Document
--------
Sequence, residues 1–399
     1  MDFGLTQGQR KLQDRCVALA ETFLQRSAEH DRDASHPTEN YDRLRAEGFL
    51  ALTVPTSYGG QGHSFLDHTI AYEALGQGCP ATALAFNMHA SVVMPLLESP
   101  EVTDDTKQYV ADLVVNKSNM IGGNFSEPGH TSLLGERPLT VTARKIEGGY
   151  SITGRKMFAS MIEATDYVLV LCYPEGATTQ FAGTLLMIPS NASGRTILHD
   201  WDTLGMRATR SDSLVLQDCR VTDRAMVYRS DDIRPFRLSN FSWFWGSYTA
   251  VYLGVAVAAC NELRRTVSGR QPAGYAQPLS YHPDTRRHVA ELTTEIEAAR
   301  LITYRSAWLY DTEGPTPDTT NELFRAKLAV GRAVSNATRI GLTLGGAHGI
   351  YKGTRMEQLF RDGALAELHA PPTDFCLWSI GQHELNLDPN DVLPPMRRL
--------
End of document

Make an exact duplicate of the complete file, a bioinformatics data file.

Sequence, residues 1–399
     1  MDFGLTQGQR KLQDRCVALA ETFLQRSAEH DRDASHPTEN YDRLRAEGFL
    51  ALTVPTSYGG QGHSFLDHTI AYEALGQGCP ATALAFNMHA SVVMPLLESP
   101  EVTDDTKQYV ADLVVNKSNM IGGNFSEPGH TSLLGERPLT VTARKIEGGY
   151  SITGRKMFAS MIEATDYVLV LCYPEGATTQ FAGTLLMIPS NASGRTILHD
   201  WDTLGMRATR SDSLVLQDCR VTDRAMVYRS DDIRPFRLSN FSWFWGSYTA
   251  VYLGVAVAAC NELRRTVSGR QPAGYAQPLS YHPDTRRHVA ELTTEIEAAR
   301  LITYRSAWLY DTEGPTPDTT NELFRAKLAV GRAVSNATRI GLTLGGAHGI
   351  YKGTRMEQLF RDGALAELHA PPTDFCLWSI GQHELNLDPN DVLPPMRRL